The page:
Mike Wager - 4 May 2021
The latest Salesforce update is nearly upon us, bringing with it improved UI for greater functionality. Brilliant for users, but don't expect the joy to spread to your testers.
As with a lot of these new releases, even the most minor UI changes have the potential to break your tests, perpetuating a never-ending cycle of test maintenance — especially when using an automation tool that instruments into the codebase.
There is another way.
Use a test automation solution that doesn't solely rely on one testing technology over another. By utilizing a solution that can verify the code and validate UI functionality by intelligently understanding what the user sees on the screen, testing Salesforce's thrice-yearly releases is an absolute breeze.
Why some tools struggle with Salesforce testing
Complex applications can be hard to test, particularly when you use Object or DOM tools.
And Salesforce Lightning is complex enough without the headache of regular updates breaking your test scripts.
The main complication here is Salesforce's use of Shadow Document Object Model (Shadow DOM), which wraps up and protects the internal DOM, which is basically the structure and content of a webpage.
This is fine in theory and used to work years ago when an action, such as "click ok button," was clearly defined. But now, things have evolved; so while Salesforce's UI has improved by adding features, such as iFrames, drop-downs, and pop-up windows, testing it has become more challenging.
The prime reason for this is the fact that Salesforce Lightning uses dynamic IDs, and other attributes have grown in length and become less unique.
The result? Object or DOM tools struggle to identify the changing IDs and ubiquitous attributes, and the test fails. This creates a lot of work and effort just to uncover which part of the DOM has changed. Not to mention the amount of test maintenance needed to merely stand still and keep your existing Salesforce platform running.
If you continue down this path, test automation maintenance never ends. It sucks up an exorbitant amount of resource fixing errors in existing tests and prevents new scripts from being created. This situation might be acceptable if you have an army of testers, but time is too precious for most organizations.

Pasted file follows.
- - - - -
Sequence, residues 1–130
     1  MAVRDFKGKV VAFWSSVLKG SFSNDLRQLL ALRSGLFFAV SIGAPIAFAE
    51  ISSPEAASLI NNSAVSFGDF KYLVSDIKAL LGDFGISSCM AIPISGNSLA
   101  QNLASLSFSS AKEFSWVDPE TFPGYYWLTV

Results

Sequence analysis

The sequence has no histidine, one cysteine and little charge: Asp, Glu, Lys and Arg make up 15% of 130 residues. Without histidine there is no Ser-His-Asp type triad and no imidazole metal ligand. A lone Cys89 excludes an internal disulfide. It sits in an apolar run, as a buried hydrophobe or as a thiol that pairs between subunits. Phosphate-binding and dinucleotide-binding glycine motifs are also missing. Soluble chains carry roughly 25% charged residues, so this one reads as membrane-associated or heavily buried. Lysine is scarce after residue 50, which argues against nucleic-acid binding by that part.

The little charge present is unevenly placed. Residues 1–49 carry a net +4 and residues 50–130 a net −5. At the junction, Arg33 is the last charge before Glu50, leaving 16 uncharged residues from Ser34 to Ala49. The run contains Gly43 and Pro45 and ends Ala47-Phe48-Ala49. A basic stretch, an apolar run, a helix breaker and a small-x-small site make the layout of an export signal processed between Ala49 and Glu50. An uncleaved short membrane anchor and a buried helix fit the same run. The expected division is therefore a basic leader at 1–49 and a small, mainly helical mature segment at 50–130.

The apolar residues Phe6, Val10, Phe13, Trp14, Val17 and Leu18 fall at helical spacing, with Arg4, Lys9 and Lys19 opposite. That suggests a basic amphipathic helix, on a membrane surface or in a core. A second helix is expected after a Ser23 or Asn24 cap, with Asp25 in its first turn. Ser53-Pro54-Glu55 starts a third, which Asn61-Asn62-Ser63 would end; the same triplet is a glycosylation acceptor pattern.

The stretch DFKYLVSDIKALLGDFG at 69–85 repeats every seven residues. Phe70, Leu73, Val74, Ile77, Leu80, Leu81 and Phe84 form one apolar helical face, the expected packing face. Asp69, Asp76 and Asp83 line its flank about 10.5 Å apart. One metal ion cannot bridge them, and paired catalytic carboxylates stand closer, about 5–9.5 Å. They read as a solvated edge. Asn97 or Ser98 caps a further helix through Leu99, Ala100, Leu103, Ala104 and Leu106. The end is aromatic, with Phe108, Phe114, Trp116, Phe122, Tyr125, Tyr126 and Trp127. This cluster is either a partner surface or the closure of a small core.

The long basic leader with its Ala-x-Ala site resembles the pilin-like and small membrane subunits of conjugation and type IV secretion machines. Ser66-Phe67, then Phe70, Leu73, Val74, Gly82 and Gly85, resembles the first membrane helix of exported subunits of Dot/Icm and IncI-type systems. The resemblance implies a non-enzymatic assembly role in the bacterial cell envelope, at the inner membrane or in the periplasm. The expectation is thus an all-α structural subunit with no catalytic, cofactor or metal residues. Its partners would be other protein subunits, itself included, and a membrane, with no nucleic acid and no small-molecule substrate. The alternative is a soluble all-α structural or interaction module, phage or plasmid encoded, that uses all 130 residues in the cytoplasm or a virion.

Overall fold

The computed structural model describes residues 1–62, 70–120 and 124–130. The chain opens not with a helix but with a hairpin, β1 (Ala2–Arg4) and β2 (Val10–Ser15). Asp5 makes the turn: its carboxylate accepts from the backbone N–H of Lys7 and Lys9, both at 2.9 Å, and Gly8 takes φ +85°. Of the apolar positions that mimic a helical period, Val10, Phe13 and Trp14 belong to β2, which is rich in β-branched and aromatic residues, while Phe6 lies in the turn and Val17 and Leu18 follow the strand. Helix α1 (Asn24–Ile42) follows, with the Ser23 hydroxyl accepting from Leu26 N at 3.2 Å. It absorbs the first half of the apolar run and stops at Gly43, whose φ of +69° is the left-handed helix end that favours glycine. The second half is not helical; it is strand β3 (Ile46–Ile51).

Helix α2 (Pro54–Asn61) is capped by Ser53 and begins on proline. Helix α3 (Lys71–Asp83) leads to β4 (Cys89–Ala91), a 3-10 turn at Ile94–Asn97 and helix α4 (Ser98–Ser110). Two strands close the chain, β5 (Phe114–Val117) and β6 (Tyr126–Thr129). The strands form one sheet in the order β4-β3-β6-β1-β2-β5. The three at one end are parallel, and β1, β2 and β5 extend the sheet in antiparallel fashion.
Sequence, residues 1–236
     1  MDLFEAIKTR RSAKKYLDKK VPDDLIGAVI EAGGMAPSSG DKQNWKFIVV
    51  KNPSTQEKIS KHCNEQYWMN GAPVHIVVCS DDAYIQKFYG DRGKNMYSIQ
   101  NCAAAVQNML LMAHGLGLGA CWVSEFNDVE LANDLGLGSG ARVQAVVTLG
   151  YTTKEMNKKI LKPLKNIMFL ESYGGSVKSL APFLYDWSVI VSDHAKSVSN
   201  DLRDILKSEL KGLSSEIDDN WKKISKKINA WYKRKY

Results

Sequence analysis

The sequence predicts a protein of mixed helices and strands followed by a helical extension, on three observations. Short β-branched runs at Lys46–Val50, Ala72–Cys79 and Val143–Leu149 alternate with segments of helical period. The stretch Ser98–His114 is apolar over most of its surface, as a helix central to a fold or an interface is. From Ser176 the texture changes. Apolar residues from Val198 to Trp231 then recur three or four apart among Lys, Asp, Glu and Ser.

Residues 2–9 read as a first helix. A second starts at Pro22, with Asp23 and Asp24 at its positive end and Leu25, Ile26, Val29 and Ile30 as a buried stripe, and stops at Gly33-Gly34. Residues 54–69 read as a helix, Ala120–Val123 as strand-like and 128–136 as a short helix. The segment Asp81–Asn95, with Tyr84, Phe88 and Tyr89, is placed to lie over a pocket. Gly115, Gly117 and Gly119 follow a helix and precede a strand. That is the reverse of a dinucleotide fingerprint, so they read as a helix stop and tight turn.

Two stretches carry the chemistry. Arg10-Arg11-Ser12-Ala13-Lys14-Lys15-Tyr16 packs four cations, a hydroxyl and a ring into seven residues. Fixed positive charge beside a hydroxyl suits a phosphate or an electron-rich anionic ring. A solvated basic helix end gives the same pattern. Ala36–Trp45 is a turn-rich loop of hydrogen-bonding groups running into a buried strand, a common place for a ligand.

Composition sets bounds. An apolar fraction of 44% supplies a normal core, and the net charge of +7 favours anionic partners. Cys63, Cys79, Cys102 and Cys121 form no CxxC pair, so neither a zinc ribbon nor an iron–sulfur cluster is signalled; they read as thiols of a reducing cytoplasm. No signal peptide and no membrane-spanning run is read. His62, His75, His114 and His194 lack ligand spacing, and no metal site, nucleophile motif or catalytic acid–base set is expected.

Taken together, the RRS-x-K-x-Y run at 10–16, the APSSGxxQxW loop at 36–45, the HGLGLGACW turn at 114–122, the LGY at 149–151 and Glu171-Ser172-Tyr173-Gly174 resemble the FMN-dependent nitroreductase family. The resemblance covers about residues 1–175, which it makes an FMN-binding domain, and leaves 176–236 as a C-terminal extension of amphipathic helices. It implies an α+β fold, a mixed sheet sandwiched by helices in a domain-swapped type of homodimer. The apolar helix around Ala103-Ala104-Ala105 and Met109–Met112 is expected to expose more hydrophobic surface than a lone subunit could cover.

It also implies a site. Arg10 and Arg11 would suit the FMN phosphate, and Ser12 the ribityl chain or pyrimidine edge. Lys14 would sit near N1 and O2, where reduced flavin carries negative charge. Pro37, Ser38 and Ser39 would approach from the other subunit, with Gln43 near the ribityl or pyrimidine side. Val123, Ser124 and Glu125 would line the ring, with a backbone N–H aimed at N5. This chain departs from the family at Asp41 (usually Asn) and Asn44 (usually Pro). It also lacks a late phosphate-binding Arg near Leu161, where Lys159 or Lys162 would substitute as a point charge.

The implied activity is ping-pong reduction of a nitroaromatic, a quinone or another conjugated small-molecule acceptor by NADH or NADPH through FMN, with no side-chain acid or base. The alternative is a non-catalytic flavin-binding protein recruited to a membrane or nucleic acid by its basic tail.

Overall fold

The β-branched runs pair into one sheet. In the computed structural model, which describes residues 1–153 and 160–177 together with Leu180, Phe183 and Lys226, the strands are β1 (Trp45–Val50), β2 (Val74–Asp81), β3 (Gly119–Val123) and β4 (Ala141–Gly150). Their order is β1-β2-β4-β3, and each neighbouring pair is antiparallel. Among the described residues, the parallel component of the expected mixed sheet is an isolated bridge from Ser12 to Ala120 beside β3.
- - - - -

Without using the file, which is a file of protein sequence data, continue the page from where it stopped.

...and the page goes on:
And the final nail in the coffin for Object or DOM tools — they don't measure the user experience because the focus of testing is the codebase. This is ok to confirm that the object is available, but it can't tell you if both internal and external users' interactions with the software are affected.
Imagine a salesperson not being notified about a meeting and cannot sign a multimillion-dollar deal, irrevocably damaging the customer relationship.
Or an employee can't input data into a correct drop-down that produces inaccurate reports and dashboards when management analyzes company performance.
These scenarios can easily happen when updates change functionality and errors aren't picked up when tests fail.
Neither is good for business.
Wake up from DOM-related nightmares with every Salesforce release
Salesforce delivers three releases per year, plus other upgrades and maintenance updates. These changes break automated tests created by Object or DOM tools, requiring many hours for maintenance and fixes.
Instead, it would be best to have a testing solution that doesn't solely rely on Objects and can handle various new features and UI functionality changes from the user's perspective as well.
Throw in a model-based approach, powered by intelligent AI and computer vision, that allows you to use the same script to test different versions of Salesforce across various browsers, devices, and operating systems.
Keysight's Eggplant computer vision AI-assisted test automation solution is the answer.
To put it another way, take a look at the below screenshots –the first is Salesforce Classic, and the second is Salesforce Lightning. As you can see, they both have entirely different underlying code and identifiers.
By using Eggplant, the same test can be used for both Salesforce versions and it will test what the user can see on the screen (“New TS Task” or “New”) and will not break due to the changes in code. Plus, test maintenance is massively reduced.
Or use a tool that can only rely on Objects to verify functionality at the code level, which would require various tests for the different Salesforce versions and code. And then you’ll have to update them when the tests break because they are unable to find the dynamic IDs and complex attributes – not forgetting to continuously maintain every test as well.
You can even use Eggplant's Fusion engine to work with Selenium WebDriver to test on its own or in combination with VNC or RDP connections to combine object-based testing with image-based testing to achieve a hybrid approach.
It should be an easy decision.
So if you want to dramatically reduce test maintenance, future-proof your Salesforce platform, and maintain business continuity, head over to our resources center to grab a free copy of our "Introduction to Salesforce testing" guide.